Now, I don't put anything particularly fragile in the dry bag for my camping trips--on the other hand, I've carried twelve packs of beer around town (~7 miles at most) on the rack before and not had a problem. Well, other than the beer being shaken up a bit, anyway. However, that's on fairly decent pavement, with high-volume tires, so take it with a grain of salt.

I've used both a front basket (my last bike) and a rear rack, and I have to say that the rear rack is superior if you're going to carry more than five pounds or so. Otherwise the basket definitely wins on convenience.

My two cupronickel disks...

Don Morris
(hikermor) - F
pack or pannier on 02/04/2012 21:40:05 MST Print View

packs totally suck on a bike. You are much better off with panniers, either front or back. The exact optimum configuration will depend upon the individual bike and its geometry. For small things that I want to keep with me, I prefer a waist pack.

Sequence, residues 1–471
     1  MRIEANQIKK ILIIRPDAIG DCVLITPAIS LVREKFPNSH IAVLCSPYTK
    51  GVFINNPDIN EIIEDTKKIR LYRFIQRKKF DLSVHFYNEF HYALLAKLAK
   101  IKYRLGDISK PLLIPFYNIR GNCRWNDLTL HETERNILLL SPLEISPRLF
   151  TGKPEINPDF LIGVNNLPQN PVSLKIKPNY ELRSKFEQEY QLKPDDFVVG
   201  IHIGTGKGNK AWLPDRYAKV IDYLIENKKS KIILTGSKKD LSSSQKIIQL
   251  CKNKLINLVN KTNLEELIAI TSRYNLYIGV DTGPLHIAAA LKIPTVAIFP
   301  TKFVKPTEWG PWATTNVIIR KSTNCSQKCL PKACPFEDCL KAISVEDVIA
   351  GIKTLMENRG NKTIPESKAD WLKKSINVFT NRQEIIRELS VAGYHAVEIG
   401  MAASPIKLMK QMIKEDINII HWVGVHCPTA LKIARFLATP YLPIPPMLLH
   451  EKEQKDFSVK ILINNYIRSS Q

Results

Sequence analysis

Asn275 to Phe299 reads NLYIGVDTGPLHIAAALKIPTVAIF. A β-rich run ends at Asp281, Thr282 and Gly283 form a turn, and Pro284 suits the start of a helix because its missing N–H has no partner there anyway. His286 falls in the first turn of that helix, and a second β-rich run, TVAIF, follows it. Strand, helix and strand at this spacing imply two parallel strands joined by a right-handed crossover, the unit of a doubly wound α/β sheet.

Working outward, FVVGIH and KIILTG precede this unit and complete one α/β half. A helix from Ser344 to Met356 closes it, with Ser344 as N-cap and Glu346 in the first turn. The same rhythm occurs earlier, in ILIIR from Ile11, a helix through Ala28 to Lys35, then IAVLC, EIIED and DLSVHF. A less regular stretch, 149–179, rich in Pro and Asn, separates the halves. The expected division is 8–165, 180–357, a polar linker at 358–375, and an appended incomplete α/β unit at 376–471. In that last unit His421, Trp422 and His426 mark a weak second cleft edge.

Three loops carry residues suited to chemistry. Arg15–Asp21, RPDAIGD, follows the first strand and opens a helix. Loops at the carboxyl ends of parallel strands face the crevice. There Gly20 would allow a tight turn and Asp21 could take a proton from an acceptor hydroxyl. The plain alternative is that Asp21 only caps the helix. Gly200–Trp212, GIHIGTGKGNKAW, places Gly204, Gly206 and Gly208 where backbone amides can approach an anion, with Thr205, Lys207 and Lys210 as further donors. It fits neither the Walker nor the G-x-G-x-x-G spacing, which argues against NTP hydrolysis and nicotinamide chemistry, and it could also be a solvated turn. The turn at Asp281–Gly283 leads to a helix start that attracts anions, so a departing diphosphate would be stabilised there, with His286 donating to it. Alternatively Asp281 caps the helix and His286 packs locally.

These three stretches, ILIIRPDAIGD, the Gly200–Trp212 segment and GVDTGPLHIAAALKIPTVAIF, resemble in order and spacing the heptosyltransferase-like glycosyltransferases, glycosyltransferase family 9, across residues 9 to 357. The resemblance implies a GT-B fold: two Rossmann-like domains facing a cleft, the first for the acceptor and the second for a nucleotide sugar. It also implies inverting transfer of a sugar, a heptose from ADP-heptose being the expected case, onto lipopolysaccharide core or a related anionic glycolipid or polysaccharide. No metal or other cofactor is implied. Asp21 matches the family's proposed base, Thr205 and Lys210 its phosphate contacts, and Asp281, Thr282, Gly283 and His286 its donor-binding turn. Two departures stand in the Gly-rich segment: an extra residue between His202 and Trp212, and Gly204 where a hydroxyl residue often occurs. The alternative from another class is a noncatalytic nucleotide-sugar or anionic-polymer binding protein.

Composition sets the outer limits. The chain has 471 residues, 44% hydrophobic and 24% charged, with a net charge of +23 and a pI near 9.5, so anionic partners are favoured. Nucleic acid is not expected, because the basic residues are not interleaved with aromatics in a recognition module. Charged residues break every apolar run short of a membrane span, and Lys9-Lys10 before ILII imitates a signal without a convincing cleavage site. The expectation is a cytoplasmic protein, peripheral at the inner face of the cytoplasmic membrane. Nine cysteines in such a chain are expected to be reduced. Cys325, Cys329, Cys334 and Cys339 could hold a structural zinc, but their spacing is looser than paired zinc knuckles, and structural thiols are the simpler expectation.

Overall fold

Nigel Healy
(nigelhealy) - F

Locale: San Francisco bay area
Re: cycling 101: pack or pannier? on 02/04/2012 22:16:02 MST Print View

Pannier primarily for stability, pack as brief spill-over, trailer for heavier and/or longer rides.

I've been cycling to the supermarket for 26 years, and my family has increased the frequency and the volume for the last 18 years. I've just come back with gallon of milk, 6 bottles of Sierra Nevada and some apple-juice and no handling problem, just the slower acceleration from the weight.

Affecting steering - it depends what its attached to. Mine attaches to the frame, not the forks so as I steer I'm not moving mass. In the past I have used two low-rider panniers centered on the front wheel and just put low-volume stuff there. For one 10 year period I'd use two 40L on the back and two 15L on the front 105L total and sometimes strap something on the rack also. That bike would like any reason to fall over....

Currently, for upto 60L I use panniers, for briefly extra I add a backpack, for longer extra I have a 100L trailer which obviously adds a hassle but the weight is not on the bike and the trailer weighs 5Kg so needs a good reason to be added.